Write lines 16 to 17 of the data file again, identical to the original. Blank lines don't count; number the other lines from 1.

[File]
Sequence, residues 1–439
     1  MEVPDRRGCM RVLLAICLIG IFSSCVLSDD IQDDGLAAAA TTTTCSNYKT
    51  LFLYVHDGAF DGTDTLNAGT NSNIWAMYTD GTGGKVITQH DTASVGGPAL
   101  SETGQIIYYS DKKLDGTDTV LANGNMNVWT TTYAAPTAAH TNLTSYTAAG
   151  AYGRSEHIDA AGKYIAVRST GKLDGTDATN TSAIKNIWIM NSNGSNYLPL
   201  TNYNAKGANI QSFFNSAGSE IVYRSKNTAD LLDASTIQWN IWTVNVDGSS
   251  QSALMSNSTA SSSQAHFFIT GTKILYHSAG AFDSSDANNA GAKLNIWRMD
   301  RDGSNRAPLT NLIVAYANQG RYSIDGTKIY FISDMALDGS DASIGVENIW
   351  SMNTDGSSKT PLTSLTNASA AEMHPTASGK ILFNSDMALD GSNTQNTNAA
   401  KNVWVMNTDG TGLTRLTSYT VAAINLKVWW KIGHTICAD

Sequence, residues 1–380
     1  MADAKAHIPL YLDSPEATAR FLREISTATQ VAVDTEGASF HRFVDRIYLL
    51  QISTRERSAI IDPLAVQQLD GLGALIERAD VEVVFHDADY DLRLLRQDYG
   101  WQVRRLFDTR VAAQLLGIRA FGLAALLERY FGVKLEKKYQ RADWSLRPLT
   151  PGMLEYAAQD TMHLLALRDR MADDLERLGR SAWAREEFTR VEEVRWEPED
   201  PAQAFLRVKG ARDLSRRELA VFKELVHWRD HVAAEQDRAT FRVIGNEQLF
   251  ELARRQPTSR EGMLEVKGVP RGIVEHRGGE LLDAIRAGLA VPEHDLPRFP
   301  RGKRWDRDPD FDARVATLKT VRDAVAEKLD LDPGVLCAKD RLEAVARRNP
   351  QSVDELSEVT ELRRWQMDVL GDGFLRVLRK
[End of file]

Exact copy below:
   201  PAQAFLRVKG ARDLSRRELA VFKELVHWRD HVAAEQDRAT FRVIGNEQLF
   251  ELARRQPTSR EGMLEVKGVP RGIVEHRGGE LLDAIRAGLA VPEHDLPRFP